Wayne Miller passed away, yesterday, and with him went one of our last links to the that great company of mid-twentieth-century great American social documentary photographers. He was less well known (and a generation or two younger) than the likes of Dorothea Lange, W. Eugene Smith, and Gordon Parks, but he shared their passion for photography and commitment to social justice. (You can read a brief obituary in the Washington Post, here.)
Miller came of age as a photographer during World War II. He photographed naval warfare in the Pacific and made some of the first photos of Hiroshima after it had been devastated by the atomic bomb. In the late '40s, he produced a magnificent extended photo-essay on the black community in Chicago. His depiction of the community was complex, nuanced, and profoundly human. It stood in stark contrast to prevailing images of African Americans, which often reinforced stereotypes of a degraded or comical people. You can see a slideshow of these photos, here, on Magnum's website. The wonderful video below will give you a feel for Miller the man.
Miller was lucky enough to have been working at a time when social documentary photography had a central place within American popular culture. From the 1930 until the early 1970s, Americans by and large accepted the idea that problems of poverty and inequality should be addressed and that individual lives and society as a whole could be bettered. This belief wasn't universal, of course, and some people resisted change. But many did not. Change did come, thanks to the efforts of millions who helped in large ways and small.
You could say that social documentary photography went along for the ride, but that would suggest that the photographers were mere passengers. In fact, the photos that social documentary photographers produced helped to change the way that Americans thought about and responded to issues such as racism and segregation, war, the environment, and women's rights.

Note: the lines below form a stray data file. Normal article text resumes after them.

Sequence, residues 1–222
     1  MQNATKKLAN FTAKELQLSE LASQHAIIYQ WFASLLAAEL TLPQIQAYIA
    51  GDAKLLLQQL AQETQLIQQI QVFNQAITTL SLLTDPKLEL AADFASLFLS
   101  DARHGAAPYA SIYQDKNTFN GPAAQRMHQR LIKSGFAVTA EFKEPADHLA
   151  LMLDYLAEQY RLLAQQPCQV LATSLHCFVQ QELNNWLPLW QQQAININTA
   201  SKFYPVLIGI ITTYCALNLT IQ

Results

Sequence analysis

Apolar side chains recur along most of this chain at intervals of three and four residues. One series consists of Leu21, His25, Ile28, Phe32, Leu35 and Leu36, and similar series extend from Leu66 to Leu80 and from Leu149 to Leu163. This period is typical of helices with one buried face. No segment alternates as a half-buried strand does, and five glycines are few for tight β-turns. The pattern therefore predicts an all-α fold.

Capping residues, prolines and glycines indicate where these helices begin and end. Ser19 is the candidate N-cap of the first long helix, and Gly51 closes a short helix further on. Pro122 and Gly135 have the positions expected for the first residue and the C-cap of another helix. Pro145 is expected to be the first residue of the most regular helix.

The consensus that made progressive change possible and that supported social documentary photography had fallen apart by the early 1970s, by which time (coincidentally or not) Miller had stopped working as a professional photographer. He turned his attention to environmental issues.
The widespread longing for a better world and the sense that it could be achieved (something that was by no means just an American phenomenon) helps to explain the success of The Family of Man, both the exhibition and the book. To this day, this mid-'50s celebration of the essential unity of humankind remains the most widely seen photo exhibition ever produced and best selling photo book ever published. Virtually every image in the show and the book was an example of social documentary photography.
Miller was an important part of making Family of Man happen, and that's what connects me -- very indirectly -- to him.
Throughout the planning and production of Family of Man, Miller was the most important assistant to Edward Steichen, its guiding light and motive force. The exhibition was tremendously popular, traveling from New York's Museum of Modern Art to 37 countries on six continents, where it was seen by nine million people. It's also come in for its share of criticism -- that its notion of a "family of man" was romantic nonsense, that it avoided difficult issues that divided humanity, that it was propaganda for the American way of life, that it showed Africans only as primitives... There's some truth to all of those critiques.